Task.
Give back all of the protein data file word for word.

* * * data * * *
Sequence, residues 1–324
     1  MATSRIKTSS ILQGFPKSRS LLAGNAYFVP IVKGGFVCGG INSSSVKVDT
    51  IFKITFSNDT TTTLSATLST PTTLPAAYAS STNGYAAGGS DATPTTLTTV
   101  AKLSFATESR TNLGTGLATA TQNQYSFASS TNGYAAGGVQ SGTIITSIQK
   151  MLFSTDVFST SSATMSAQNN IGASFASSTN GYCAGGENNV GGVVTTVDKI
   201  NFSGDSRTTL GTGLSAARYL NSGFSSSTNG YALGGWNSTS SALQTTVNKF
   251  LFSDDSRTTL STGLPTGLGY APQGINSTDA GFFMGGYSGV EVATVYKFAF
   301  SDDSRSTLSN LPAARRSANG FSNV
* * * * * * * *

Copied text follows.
Sequence, residues 1–324
     1  MATSRIKTSS ILQGFPKSRS LLAGNAYFVP IVKGGFVCGG INSSSVKVDT
    51  IFKITFSNDT TTTLSATLST PTTLPAAYAS STNGYAAGGS DATPTTLTTV
   101  AKLSFATESR TNLGTGLATA TQNQYSFASS TNGYAAGGVQ SGTIITSIQK
   151  MLFSTDVFST SSATMSAQNN IGASFASSTN GYCAGGENNV GGVVTTVDKI
   201  NFSGDSRTTL GTGLSAARYL NSGFSSSTNG YALGGWNSTS SALQTTVNKF
   251  LFSDDSRTTL STGLPTGLGY APQGINSTDA GFFMGGYSGV EVATVYKFAF
   301  SDDSRSTLSN LPAARRSANG FSNV